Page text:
Why Consider the Real Mary?
It is only February (and that, barely), and I have run into questions because of my rosary journey.
Not like I didn't expect this. As a child I was taught The Hail Mary, and as an adult I recall that the rosary somehow required the saying of it.
My own rosary will not require it. My own is a promise I have not yet begun to understand. (See? Just the other day I took it out in the snow. It is a non-conformist rosary which will not always bend to traditional use— of course it would be like this, considering who gave it to me).
Still. The very sight of the rosary brings with it questions of Mary.
And what are questions for, except to prod us to thinking?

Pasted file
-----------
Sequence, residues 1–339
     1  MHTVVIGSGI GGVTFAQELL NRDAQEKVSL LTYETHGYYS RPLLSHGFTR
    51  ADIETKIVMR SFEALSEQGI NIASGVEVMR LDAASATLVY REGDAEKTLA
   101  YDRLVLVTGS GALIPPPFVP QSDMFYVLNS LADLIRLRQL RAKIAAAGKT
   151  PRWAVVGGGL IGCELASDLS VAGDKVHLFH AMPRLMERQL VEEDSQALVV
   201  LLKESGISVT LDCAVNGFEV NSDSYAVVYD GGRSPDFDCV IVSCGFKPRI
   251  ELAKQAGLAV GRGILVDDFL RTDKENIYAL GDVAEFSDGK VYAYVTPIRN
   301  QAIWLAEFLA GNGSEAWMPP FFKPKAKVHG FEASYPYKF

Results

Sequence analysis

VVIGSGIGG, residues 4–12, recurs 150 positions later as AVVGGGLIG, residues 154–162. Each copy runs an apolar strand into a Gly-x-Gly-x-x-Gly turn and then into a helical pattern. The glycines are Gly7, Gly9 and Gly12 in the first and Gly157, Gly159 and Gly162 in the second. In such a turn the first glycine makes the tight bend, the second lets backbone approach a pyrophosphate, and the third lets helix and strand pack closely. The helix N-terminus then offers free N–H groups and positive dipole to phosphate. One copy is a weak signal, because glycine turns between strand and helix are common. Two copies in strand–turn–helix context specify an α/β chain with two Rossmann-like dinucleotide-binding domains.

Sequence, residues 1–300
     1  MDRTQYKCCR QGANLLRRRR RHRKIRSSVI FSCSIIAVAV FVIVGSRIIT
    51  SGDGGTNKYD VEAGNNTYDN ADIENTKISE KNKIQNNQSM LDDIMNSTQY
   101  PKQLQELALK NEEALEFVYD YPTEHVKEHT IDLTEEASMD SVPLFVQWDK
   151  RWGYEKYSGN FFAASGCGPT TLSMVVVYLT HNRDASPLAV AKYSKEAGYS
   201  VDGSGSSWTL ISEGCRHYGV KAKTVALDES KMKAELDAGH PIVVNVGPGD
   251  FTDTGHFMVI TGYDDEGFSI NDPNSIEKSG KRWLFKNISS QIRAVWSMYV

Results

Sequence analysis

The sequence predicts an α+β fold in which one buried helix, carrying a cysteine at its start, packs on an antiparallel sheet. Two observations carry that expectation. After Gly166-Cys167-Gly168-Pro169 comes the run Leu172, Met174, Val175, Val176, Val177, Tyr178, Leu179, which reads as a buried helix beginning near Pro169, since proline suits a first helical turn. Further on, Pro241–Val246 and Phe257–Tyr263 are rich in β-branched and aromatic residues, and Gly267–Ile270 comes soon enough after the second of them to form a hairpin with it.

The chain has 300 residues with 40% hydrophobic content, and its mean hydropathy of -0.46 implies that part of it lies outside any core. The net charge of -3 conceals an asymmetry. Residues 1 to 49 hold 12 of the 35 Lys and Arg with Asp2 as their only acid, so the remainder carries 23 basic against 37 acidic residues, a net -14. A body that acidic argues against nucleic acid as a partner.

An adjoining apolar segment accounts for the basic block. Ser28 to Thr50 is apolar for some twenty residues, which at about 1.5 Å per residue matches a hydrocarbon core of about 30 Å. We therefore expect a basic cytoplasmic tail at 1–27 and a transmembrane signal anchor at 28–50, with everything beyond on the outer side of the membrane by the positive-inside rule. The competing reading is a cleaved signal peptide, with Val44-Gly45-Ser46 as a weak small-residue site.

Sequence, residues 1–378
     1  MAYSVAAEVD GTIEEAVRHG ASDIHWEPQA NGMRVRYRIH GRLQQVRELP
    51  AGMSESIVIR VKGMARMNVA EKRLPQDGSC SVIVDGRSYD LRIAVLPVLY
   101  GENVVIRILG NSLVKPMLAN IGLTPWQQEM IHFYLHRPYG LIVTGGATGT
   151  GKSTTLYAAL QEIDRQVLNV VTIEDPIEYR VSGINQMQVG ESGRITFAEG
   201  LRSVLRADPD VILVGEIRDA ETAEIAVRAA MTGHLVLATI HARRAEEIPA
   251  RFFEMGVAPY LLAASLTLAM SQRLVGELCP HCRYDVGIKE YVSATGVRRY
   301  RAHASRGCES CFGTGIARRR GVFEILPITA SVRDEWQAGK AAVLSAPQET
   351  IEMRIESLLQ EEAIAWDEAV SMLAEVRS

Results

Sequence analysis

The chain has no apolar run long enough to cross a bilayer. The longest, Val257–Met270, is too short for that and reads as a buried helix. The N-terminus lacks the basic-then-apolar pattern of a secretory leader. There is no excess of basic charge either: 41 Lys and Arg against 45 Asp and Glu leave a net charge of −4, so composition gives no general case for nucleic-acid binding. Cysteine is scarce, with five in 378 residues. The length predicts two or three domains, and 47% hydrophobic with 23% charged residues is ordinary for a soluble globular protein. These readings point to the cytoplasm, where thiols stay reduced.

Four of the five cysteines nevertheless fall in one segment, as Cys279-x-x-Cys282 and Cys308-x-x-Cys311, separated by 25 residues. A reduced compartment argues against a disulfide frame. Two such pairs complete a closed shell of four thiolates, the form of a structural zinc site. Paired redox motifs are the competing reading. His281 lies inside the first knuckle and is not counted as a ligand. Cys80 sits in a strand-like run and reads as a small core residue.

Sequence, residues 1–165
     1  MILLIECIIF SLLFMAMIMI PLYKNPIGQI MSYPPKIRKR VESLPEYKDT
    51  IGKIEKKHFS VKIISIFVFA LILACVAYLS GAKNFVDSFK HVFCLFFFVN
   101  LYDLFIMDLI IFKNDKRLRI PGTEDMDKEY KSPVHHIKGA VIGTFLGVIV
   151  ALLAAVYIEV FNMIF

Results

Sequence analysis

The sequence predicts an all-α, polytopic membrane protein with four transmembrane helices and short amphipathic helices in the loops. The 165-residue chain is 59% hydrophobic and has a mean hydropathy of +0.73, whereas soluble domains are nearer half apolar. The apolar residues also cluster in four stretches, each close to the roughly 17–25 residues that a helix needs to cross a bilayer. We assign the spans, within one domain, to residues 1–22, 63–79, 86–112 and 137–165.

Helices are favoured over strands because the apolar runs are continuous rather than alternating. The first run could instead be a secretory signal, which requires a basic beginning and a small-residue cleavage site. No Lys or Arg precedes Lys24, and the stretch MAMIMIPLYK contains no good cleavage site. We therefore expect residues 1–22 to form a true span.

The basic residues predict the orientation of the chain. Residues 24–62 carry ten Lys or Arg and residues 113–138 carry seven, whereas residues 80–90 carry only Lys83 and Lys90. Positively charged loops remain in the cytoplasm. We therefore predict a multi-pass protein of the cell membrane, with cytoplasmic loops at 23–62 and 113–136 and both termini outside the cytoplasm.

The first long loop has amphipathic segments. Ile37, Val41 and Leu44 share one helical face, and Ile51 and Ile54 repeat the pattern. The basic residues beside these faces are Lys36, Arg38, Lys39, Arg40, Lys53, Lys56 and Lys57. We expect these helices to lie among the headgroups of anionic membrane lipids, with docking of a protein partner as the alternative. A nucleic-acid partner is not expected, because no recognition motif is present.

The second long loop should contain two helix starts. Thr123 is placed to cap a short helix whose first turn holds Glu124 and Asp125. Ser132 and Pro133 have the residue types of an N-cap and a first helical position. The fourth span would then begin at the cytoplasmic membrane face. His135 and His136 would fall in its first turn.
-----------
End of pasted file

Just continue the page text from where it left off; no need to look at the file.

So I bought another copy of a book I once gave away. It is Scot McKnight's and I love the opening...
"Why are you— a Protestant— writing a book about Mary?" I've been asked this question many times. In fact, one person asked me the following question: "Wasn't Mary a Roman Catholic? (No kidding.)
Why write a book for Protestants about Mary? Here's why:
Because the story about the real Mary has never been told...
This seems like a place to start, in answering the questions my rosary raises. The story of Mary. I love a good story, and I suspect my rosary might too.
Quote from Chapter 1 of Scot McKnight's book The Real Mary: Why Evangelical Christians Can Embrace the Mother of Jesus